Profits soar at Limerick aircraft lessor

By Gordon Deegan

Pre-tax profits at an aircraft leasing firm, which is set to significantly expand its presence in Limerick, more than tripled to $148.7m (€124m) last year .

Danish company Nordic Aviation Capital (NAC) last month announced its intention to create 300 jobs in Limerick. It is to be the first tenant in the €18m Gardens International office development in the city centre.

NAC is ranked as the world’s largest regional aircraft leasing company.

The company is to take the third, fourth, and fifth floors of the development and in doing so is projected to increase its workforce in Limerick to 350 roles. 

NAC currently employs around 60 people at its Limerick base.

Newly filed accounts for the company show its global revenues more than doubled to $689.65m in the 12 months to the end of last June.

The company has its registered office in Limerick and operates its 356-strong fleet from offices in Limerick, Canada, Denmark, Singapore, and the US.

As of the end of last June, the company had $6.6bn in assets including aircraft assets of $5.3bn. Loans and borrowings totalled $4.3bn.

The company employs 179 people globally, who were paid a combined $35.7m in wages last year.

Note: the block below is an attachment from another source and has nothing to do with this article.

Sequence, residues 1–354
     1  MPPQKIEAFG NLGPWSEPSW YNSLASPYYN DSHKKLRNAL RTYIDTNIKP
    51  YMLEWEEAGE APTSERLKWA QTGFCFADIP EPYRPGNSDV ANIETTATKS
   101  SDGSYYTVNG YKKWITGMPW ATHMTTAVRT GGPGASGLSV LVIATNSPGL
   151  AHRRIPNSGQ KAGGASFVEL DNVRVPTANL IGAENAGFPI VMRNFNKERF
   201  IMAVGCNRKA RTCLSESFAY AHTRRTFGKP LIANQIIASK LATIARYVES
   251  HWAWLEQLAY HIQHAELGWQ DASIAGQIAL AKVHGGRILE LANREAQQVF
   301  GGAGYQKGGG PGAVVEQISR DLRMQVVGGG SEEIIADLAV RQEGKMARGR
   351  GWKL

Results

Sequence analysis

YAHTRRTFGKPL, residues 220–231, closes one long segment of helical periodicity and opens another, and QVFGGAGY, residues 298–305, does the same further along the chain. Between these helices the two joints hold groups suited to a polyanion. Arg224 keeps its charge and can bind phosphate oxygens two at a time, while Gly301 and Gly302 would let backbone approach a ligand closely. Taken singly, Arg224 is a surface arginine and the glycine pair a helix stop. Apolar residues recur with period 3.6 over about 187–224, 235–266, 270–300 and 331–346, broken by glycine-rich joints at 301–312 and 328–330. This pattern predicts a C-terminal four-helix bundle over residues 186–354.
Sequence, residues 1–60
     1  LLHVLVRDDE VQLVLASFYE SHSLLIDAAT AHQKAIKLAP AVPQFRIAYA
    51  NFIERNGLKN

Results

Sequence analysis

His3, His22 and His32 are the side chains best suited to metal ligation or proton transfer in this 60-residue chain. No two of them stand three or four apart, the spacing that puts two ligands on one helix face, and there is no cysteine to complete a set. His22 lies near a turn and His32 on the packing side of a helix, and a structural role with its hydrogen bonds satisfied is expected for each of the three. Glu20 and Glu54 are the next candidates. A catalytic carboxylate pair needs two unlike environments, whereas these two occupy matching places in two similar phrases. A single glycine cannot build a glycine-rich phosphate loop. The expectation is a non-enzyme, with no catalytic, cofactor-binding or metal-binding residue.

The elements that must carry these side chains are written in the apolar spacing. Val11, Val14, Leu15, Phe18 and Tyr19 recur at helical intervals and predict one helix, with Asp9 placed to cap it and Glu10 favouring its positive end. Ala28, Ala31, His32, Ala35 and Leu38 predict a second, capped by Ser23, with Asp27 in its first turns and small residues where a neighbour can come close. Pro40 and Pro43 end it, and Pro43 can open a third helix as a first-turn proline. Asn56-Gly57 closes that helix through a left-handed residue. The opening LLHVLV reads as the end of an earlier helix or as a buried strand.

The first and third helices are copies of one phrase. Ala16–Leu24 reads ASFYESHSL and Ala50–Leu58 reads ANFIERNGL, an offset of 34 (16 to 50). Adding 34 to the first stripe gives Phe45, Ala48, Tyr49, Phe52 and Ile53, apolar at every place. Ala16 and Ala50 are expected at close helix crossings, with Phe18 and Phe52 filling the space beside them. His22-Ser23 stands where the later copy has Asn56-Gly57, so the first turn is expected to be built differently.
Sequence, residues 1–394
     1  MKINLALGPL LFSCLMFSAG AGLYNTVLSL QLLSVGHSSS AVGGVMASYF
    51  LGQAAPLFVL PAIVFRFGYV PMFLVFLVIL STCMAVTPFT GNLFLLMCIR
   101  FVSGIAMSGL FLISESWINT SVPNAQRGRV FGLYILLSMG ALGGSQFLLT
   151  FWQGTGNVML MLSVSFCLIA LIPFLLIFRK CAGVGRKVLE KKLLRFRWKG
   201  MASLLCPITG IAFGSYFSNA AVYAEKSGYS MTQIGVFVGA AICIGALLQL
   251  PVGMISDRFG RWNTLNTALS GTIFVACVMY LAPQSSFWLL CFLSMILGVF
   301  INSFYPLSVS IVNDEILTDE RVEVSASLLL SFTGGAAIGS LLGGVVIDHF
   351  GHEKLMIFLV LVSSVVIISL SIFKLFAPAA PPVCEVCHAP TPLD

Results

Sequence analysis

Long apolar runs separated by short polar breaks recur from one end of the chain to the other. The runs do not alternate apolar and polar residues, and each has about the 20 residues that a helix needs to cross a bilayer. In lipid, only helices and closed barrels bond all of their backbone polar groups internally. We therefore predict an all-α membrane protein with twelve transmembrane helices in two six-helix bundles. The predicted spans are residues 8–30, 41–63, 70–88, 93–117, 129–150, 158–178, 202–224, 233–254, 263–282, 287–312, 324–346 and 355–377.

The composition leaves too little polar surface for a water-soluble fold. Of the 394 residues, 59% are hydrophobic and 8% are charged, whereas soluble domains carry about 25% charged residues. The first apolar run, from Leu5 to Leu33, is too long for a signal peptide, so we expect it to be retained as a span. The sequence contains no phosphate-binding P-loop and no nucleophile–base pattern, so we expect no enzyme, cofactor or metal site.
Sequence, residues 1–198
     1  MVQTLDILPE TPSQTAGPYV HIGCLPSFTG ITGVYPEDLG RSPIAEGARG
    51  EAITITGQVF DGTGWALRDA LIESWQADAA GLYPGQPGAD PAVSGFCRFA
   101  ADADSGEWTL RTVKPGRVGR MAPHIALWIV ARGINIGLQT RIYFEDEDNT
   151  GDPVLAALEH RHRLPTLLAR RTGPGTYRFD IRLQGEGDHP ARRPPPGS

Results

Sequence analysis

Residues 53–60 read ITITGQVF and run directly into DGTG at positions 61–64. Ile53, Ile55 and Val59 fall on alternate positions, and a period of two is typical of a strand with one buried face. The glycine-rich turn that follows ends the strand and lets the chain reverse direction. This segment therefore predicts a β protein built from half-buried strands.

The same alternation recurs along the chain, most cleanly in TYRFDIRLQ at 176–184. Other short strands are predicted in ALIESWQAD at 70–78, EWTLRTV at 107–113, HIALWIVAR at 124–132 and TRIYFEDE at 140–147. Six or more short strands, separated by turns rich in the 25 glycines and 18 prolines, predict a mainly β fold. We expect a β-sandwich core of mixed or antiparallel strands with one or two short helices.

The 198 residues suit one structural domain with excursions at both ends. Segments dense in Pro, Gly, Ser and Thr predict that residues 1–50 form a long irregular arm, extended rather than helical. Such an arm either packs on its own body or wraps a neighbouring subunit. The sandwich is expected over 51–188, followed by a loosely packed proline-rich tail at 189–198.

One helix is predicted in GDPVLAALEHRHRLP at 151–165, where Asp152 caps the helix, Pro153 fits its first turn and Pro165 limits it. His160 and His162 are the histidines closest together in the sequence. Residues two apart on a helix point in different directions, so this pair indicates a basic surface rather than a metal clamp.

The company leases aircraft to 69 customers in 46 countries. 

Its fleet represents 23% of the world’s regional aircraft fleet owned by lessors.

The presence of the Danish-owned firm in Limerick complements the operations of aircraft leasing firms in the Shannon Free Zone including GE Capital Aviation Services and Shannon Engine Support.


Related Articles

More than 200 to be recruited at Co Tyrone aviation firm

Mr Price to create 200 new jobs in Westmeath

15 jobs announced for Dublin at technology start-up TenderScout

Ernst & Young announce 520 jobs for Ireland

More in this Section

European stocks fall as Turkey fears heighten

Investors not sold on Air France boss

Greece not out of the woods

Eurozone borrowing demand set to increase, says ECB


Today's Stories

Doubts Donald Trump’s growth spurt can be sustained

More From The Irish Examiner